After all, work is merely a transactional means to make money in order to survive; it's not personal. Show up, put in your eight hours, go home, collect a paycheck.
So much has changed. Research by neuroscientists and organizational psychologists increasingly underscore a major point: Happy people are better employees, more engaged, and work harder and smarter.
While searching for the latest happiness tips and ideas to practice in my daily work routine, I ran into a simple graphic posted by the good folks at Action for Happiness -- a movement of people taking action to create a happier and more caring world.
While far from scientific, this graphic suggests six emotionally-intelligent ways we can effectively respond when faced with a hard day at work.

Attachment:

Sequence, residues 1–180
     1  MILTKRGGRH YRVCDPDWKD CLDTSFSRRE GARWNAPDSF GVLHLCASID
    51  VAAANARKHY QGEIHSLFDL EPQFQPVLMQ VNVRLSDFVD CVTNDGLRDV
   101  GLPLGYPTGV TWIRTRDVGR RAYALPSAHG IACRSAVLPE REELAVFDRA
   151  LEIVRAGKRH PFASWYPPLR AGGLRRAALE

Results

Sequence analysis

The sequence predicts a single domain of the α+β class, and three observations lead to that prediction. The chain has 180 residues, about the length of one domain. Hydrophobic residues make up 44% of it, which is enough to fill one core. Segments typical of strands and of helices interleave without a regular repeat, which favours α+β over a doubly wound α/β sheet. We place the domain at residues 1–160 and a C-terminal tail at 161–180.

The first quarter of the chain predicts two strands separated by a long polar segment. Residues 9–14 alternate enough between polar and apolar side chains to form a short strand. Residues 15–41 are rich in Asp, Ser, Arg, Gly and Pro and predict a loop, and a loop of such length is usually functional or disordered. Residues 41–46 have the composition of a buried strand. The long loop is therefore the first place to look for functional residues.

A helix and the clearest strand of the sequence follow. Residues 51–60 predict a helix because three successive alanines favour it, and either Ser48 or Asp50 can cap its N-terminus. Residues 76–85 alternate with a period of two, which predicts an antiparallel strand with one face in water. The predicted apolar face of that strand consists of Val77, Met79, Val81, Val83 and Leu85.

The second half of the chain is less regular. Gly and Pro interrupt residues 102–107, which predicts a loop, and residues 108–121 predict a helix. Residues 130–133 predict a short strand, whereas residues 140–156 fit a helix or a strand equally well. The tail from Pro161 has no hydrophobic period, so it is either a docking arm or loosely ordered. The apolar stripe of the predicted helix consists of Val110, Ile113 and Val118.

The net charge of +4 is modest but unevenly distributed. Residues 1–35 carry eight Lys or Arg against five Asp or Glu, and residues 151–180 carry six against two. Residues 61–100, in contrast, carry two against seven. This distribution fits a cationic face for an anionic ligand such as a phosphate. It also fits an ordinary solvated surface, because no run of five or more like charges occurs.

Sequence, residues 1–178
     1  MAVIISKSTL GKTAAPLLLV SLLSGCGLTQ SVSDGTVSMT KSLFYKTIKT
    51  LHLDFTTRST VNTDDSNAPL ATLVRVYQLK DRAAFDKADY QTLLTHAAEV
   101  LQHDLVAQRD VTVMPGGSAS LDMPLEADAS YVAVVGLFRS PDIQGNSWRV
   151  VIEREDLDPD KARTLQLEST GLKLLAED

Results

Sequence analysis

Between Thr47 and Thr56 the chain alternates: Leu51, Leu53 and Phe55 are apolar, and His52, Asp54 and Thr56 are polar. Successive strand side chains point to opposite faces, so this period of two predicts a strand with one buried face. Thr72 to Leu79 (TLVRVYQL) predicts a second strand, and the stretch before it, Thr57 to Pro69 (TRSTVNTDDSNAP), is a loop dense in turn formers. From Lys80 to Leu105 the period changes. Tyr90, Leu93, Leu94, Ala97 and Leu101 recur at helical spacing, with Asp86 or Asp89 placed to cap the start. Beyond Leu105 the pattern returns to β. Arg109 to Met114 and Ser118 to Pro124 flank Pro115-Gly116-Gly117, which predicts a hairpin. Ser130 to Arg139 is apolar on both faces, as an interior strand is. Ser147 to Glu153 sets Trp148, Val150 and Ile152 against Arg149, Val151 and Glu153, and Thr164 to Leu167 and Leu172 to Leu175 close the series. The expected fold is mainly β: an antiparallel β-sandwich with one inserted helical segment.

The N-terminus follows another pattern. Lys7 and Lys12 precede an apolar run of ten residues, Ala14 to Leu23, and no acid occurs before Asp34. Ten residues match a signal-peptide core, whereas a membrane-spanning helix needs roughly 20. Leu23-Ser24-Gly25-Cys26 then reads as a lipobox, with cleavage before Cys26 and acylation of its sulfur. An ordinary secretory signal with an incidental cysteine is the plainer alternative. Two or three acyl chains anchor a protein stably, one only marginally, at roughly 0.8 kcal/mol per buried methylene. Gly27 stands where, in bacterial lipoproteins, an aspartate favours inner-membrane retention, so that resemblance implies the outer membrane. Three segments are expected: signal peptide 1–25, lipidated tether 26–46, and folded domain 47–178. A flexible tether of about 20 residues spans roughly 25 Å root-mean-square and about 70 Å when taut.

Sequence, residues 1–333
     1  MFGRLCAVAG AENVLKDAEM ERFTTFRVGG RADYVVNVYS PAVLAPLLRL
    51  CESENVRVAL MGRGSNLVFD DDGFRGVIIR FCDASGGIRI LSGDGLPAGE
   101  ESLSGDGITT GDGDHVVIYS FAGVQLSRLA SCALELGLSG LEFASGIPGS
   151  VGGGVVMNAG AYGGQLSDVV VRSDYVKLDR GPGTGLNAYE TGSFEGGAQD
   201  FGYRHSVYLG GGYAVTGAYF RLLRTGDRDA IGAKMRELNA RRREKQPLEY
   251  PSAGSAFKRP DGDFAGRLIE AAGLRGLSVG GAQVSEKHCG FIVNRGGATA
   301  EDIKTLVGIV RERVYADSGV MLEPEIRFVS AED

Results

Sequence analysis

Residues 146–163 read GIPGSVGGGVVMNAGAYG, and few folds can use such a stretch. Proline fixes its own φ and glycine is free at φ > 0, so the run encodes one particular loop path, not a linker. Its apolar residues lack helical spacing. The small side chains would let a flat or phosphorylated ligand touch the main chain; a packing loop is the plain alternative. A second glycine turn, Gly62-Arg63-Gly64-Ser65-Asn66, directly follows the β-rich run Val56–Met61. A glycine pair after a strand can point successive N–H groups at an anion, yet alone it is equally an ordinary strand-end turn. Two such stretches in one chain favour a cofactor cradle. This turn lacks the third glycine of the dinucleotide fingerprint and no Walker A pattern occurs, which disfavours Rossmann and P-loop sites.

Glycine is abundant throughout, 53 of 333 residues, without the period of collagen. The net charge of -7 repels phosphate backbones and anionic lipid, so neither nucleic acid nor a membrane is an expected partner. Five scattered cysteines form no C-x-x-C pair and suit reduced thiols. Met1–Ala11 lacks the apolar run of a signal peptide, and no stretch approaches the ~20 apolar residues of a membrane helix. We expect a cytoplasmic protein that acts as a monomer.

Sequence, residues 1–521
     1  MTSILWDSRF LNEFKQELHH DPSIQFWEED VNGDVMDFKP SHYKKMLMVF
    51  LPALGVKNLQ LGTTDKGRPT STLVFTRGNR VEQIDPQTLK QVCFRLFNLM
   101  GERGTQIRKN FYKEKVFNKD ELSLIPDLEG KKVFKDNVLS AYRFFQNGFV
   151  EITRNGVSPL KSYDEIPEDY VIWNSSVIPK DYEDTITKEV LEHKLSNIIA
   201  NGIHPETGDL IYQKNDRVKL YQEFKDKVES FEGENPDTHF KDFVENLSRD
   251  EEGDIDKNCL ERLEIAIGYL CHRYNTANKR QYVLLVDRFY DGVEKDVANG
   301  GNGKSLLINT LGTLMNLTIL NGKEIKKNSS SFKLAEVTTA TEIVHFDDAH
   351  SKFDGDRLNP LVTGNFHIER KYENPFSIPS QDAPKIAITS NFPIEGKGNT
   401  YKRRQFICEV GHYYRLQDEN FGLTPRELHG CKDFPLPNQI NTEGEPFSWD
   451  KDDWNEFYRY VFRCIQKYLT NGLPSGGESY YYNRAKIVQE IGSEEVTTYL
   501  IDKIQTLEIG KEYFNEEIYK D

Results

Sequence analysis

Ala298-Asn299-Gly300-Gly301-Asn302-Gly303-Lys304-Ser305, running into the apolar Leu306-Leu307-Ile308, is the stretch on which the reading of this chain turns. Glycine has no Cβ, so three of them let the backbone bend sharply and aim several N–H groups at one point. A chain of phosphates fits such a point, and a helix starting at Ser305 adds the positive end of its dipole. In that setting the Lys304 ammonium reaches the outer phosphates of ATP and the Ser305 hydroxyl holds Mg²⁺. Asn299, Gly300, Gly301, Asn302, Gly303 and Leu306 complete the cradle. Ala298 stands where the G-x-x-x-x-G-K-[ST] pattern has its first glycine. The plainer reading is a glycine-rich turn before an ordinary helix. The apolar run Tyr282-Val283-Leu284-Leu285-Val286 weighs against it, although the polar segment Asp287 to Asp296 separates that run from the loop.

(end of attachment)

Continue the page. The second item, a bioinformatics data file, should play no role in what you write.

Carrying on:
It's OK to...
1. Not have all the answers.
Let me frame the truth of this idea with a recent conversation I had with Garry Ridge, president and chief executive officer of the WD-40 Company. Ridge made no qualms about one of the key attributes of a good leader when he told me: "You have to get comfortable with the three most powerful words I have learned: I...don't...know."
Larry Bossidy, the former CEO of Honeywell and author of the book Execution: The Discipline of Getting Things Done, points this notion back to humility as key to effective leadership: "The more you can contain your ego, the more realistic you are about your problems. You learn how to listen, and admit that you don't know all the answers. Your pride doesn't get in the way of gathering the information you need to achieve the best results."